Snow, ice, and off-road excursions

Last weekend Miss D. and I drove to a seminar held at a lakeside resort east of Gainesville, TX.  Unfortunately, that coincided with the arrival of a rare snowstorm.  Our normally safe roads were suddenly covered with 2-3 inches of snow, with patches of ice forming beneath the snow, invisible until you hit it. This was US Highway 82 near Gainesville at about 8 AM on Saturday morning.  The photograph looks clearer than conditions actually were, and doesn’t capture the snow falling fairly thickly.  The car was distinctly “twitchy” over the slush in the tire ruts. A drive that normally takes 2 hours took

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Sunset over the Northern plains

Courtesy of Daily Timewaster, here’s a beautiful time-lapse video of sunset over Bowdon, North Dakota, in 2017.  The videographer, Mike Olbinski, writes: We were chasing northeast of Bismarck, North Dakota and as storms were dying out, we decided to go for a lone cell on the backside of a line of storms. We knew it had a hail core on it and we were hoping that we might get some nice sunset color at least on the storm as it moved past us, and hopefully some lightning bolts. But we had no idea what we were about to encounter. The clouds

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Ice on your windscreen? Three home-made solutions

Like many of us, Miss D. and I were caught in the big Arctic freeze that blew through last week.  It froze up our car windows, so that before we could drive in the mornings, we had to scrape them clear or use the car’s own defrosting mechanisms to melt the ice. Frustrated, I did a bit of searching, and came up with these three recommendations for an easy, home-made solution to car window icing. I haven’t tried them all yet, but I intend to.  I’m not real sure about the middle one – if the water’s too hot, and the windscreen

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Recovery is not as easy as I’d hoped

Following my adventures in hospital last week, I’ve been trying to get back on an even keel.  Progress has been in fits and starts, with a few more fits than I’d have preferred!  Still, I’m alive to work at it, which is a very good start. I’m on a new-fangled anticoagulant medication, because apparently the danger of blood clots in a newly-installed stent is very serious.  I’ll be on it for at least a year, and perhaps longer, depending on what my cardiologist decides.  (Affording it is going to be a problem;  it’s going to cost me hundreds of dollars a month, even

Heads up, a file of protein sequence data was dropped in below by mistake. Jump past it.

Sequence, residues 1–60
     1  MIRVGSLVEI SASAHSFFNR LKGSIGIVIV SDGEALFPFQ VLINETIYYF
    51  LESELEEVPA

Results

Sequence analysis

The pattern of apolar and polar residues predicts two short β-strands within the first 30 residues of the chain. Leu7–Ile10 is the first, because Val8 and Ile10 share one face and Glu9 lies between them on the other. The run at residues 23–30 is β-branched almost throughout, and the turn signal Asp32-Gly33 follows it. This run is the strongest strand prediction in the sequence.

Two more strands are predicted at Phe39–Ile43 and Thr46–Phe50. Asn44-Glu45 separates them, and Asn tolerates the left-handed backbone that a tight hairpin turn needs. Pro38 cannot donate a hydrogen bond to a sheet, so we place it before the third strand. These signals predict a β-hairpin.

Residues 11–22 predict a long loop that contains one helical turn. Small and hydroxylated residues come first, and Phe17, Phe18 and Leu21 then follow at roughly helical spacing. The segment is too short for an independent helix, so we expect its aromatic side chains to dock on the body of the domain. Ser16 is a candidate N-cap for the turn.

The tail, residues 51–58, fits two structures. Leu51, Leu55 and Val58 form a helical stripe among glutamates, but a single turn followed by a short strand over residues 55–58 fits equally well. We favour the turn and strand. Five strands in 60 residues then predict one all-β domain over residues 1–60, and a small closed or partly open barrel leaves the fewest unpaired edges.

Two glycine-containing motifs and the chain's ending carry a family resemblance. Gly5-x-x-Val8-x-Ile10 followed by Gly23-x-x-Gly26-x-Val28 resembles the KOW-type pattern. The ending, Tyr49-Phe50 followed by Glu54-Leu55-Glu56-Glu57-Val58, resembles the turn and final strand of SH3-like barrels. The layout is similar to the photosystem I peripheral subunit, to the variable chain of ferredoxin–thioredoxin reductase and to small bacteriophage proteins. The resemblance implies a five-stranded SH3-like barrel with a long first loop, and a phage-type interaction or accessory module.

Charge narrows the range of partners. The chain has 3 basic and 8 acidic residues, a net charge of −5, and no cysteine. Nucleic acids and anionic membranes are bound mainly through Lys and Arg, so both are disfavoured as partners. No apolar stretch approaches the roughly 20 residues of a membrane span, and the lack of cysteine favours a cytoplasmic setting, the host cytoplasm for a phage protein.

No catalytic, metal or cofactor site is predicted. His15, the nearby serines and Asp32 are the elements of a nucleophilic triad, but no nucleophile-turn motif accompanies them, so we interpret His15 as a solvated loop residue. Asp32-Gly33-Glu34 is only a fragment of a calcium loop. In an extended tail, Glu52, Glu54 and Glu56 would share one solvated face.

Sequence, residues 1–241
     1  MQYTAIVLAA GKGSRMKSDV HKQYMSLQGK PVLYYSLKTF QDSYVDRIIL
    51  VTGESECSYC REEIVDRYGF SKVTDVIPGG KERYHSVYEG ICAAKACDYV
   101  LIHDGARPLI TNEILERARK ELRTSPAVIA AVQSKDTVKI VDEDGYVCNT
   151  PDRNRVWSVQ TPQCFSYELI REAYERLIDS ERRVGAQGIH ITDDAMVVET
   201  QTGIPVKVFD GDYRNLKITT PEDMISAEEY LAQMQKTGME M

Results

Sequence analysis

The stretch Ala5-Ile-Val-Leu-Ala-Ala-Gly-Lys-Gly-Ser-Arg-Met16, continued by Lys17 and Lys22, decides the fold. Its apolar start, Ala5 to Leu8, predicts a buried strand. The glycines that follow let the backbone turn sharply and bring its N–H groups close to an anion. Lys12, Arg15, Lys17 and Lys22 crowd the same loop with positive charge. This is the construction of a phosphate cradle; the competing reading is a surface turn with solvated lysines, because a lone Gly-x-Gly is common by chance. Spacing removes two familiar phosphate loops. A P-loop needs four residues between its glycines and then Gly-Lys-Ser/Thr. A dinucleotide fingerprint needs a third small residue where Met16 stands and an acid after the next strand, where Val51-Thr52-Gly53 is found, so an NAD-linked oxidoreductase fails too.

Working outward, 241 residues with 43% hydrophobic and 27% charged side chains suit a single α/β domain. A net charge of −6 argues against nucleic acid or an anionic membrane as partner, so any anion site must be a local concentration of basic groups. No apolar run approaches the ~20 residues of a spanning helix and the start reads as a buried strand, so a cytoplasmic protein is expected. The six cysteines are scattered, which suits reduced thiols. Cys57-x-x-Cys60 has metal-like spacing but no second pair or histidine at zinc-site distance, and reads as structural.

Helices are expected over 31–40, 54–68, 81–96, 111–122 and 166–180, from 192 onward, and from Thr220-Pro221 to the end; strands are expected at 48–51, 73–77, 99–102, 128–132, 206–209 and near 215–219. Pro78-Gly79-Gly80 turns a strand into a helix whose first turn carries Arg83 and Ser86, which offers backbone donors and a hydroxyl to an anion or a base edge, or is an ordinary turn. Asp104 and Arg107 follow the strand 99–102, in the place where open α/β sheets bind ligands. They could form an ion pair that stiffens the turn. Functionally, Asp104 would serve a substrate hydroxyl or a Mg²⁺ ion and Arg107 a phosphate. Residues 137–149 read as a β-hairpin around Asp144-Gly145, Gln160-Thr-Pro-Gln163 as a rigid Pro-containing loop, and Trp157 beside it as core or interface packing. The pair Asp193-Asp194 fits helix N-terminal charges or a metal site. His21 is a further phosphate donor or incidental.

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So… how do they navigate?

I found this pair of photographs on Gab yesterday, showing a lighthouse on Lake Michigan near St. Joseph during and after a winter storm.  Clickit to biggit. I’ve seen similar photographs before, of course, as I’m sure have most of my readers.  However, I’d never thought about one obvious question.  If the lighthouse is required by ships on the lake for safe navigation, what happens when it’s shrouded in ice and its light can no longer be seen?  Is waterborne traffic suspended until it defrosts?  Is, there, in fact, any waterborne traffic on the Great Lakes during the winter months, or does everything come

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Bureaucrats and temperatures

There’s been a certain amount of hilarity hereabouts – not to mention anger – at the latest bureaucratic advice on how to deal with hot weather. The coolest temperature Americans should keep their thermostats set to is 78 degrees Fahrenheit, according to Energy Star, a federal program aimed at energy efficiency and cost savings for consumers. But many on social media do not agree with that recommendation. And social media users were even more vocal in objecting to Energy Star’s recommendation for nighttime thermostat settings. . . . Energy Star, a joint federal program run by the Department of Energy (DOE)

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Day 3 on the road: onward to Ohio

Yesterday (Tuesday) Miss D. and I rose at a leisurely hour and hit the road for the short hop from Indianapolis to Dayton, Ohio.  It’s only a couple of hours’ drive, by far the shortest leg of our journey, so we weren’t stressed for time and could relax and enjoy the sights. We were glad to see that agriculture in this part of the world is in a somewhat healthier condition than any other state we’ve been through so far this trip.  We began to see fields where planting had been accomplished, although the crops weren’t as tall as they should be

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